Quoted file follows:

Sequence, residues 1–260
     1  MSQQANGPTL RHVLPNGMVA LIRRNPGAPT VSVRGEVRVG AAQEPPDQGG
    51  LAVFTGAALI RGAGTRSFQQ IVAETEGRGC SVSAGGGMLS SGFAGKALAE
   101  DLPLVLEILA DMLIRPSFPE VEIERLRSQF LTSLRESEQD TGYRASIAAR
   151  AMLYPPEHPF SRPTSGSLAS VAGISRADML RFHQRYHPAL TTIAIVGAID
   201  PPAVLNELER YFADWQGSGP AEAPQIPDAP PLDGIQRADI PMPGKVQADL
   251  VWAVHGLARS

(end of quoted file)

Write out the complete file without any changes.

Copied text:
Sequence, residues 1–260
     1  MSQQANGPTL RHVLPNGMVA LIRRNPGAPT VSVRGEVRVG AAQEPPDQGG
    51  LAVFTGAALI RGAGTRSFQQ IVAETEGRGC SVSAGGGMLS SGFAGKALAE
   101  DLPLVLEILA DMLIRPSFPE VEIERLRSQF LTSLRESEQD TGYRASIAAR
   151  AMLYPPEHPF SRPTSGSLAS VAGISRADML RFHQRYHPAL TTIAIVGAID
   201  PPAVLNELER YFADWQGSGP AEAPQIPDAP PLDGIQRADI PMPGKVQADL
   251  VWAVHGLARS